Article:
Are ‘Alternative Facts’ Affecting Our Ability to Interpret History?

September 09, 2018 · Tom Carpenter

Just the facts at BosparIt is said that “those who do not understand history are doomed to repeat it.”

But what happens when there is no agreement on what constitutes “true” history at a time when the attorney for the President of the United States declares that “truth is not truth?”

Furthermore, what are the implications when legitimate journalism is called into question, disseminators of “alternative facts” are given equal footing with fact-checkers, and our cultural ability to separate fact from fabrication is blurred?

Bospar recently worked with Propeller Insights on a consumer survey that explored these questions. The results were chilling.

‘Just the facts, ma’am!’

While ironically inaccurately attributed to Detective Joe Friday of the 1950s hit TV show Dragnet, the phrase “Just the facts, ma’am!” became ingrained in popular culture for decades. If only this were the case today.

The survey found, among other things, that 59 percent of Republicans feel media propaganda is causing inaccuracies in our school system. Even more disturbing is this: more Republicans trust President Trump for “the facts” than trust academics or school teachers.

On the other side of the aisle, more Democrats trust movies and documentaries than trust academics or school teachers.

Take a look at the following charts. Democrats are in deep purple; Republican, in light blue; Independents, in gold; and “other” is in light purple.

How accurate, if at all, do you think your local school system’s history classes are?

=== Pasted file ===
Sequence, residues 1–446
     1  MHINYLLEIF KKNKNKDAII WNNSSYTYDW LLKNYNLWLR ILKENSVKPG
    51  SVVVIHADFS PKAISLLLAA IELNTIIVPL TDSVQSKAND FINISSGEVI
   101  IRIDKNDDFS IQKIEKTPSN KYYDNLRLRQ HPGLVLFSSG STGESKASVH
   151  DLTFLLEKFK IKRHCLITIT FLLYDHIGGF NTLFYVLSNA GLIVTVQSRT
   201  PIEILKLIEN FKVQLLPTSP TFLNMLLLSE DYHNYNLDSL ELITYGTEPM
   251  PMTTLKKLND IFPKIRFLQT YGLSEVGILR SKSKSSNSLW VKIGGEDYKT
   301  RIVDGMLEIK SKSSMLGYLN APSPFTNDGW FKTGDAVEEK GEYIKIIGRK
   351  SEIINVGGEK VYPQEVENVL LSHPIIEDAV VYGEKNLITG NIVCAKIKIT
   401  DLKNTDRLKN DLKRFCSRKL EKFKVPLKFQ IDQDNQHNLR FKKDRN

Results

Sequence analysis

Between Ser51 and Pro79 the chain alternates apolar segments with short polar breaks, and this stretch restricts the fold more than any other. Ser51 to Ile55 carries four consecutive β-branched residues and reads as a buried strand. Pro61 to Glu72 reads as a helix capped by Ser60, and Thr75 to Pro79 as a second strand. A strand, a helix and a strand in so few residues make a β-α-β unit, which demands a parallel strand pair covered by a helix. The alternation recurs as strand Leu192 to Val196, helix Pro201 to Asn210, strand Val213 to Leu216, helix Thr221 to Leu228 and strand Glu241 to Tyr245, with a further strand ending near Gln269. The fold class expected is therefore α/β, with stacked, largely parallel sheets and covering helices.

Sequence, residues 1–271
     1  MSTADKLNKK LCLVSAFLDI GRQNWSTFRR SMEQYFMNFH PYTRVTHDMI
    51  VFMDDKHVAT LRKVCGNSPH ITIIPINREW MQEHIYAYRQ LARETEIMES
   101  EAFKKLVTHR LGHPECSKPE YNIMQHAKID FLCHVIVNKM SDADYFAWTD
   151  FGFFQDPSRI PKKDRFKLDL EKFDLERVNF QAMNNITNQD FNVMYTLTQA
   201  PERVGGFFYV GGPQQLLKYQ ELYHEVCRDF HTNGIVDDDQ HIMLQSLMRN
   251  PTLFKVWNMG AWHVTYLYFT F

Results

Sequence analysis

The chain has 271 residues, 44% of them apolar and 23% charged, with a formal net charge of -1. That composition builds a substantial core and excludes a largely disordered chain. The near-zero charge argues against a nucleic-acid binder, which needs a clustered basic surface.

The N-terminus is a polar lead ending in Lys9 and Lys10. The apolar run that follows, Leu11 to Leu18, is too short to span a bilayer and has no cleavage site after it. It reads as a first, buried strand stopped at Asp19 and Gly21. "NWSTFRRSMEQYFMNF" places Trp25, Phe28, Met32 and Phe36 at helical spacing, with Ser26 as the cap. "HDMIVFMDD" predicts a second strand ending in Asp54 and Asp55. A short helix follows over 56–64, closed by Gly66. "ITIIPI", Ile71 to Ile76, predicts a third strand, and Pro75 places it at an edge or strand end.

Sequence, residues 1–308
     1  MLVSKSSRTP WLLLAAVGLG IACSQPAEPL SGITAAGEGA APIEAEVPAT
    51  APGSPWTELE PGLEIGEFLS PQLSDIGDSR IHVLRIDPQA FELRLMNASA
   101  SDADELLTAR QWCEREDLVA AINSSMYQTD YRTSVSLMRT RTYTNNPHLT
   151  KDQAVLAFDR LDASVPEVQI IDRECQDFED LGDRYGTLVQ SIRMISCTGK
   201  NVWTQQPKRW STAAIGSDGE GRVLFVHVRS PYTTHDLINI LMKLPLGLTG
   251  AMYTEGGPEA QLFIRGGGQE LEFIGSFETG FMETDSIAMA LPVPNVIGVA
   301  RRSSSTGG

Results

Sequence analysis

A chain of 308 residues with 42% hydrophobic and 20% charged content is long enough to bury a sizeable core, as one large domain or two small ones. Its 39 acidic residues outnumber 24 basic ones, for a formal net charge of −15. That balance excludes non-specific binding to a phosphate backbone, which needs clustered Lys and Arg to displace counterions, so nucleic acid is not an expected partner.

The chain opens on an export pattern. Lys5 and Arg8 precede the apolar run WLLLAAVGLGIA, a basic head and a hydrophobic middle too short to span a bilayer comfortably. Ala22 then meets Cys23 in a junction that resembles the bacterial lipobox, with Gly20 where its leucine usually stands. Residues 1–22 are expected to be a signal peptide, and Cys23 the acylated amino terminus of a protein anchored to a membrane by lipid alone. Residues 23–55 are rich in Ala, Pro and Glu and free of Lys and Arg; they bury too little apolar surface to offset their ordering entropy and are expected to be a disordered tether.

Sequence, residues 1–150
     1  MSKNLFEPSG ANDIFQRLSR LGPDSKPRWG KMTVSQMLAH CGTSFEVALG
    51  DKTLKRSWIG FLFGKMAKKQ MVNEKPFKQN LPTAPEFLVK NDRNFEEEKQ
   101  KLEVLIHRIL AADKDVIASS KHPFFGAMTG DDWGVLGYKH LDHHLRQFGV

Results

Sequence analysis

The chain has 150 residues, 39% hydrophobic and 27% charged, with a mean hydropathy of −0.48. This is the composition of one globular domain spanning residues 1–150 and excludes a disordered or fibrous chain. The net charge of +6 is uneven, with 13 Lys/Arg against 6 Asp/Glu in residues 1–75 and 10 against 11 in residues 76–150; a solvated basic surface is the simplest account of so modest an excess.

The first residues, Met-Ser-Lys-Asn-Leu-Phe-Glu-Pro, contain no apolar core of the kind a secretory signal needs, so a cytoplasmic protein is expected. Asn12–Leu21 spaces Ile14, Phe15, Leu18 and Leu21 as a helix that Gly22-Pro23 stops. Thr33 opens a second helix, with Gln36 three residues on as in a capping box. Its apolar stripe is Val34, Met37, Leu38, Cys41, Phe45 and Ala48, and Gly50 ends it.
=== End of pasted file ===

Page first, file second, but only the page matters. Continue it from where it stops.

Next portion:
History class facts accuracy

 

Which of the following, if any, do you think are factors causing our school systems to teach inaccuracies? Please select all that apply.

School system facts

 

Which of the following, if any, do you most trust to give you the facts? Please select all that apply.

Trust in facts

 

This was a statistically valid sampling of U.S. citizens. Party affiliation is clearly a differentiator when it comes to the issue of whose facts you can trust and the degree to which they can be trusted. The lack of trust in anyone/anything is a clear present and future danger. The low regard for all categories of information resources depicted in the last chart amplifies the challenges with reaching agreement on a common set of shared values being taught going forward.

The real challenge is that when the sources used as the foundation for validation are themselves questioned, the task of finding common ground becomes that much more difficult. The denial of anthropogenic climate change and denial of science in general is an example of the difficulties modern Americans are having discerning fact from fiction.

To paraphrase an old saying: trust is hard to earn, easy to squander and extremely difficult to regain. Now, to raise each of these bars, but in particular increasing trustworthiness in our educational institutions and the legitimate press, needs to be a priority.

Knowledge really is power, and an informed citizenry can change the arc of history.

Tags: content, Facts, media relations, news, PR insights

Next: Setting Media Coverage Expectations

It is said that “those who do not understand history are doomed to repeat it.” But what happens when there is no agreement on what constitutes “true” history at a time when the attorney for the President of the United States declares that “truth is not truth?”

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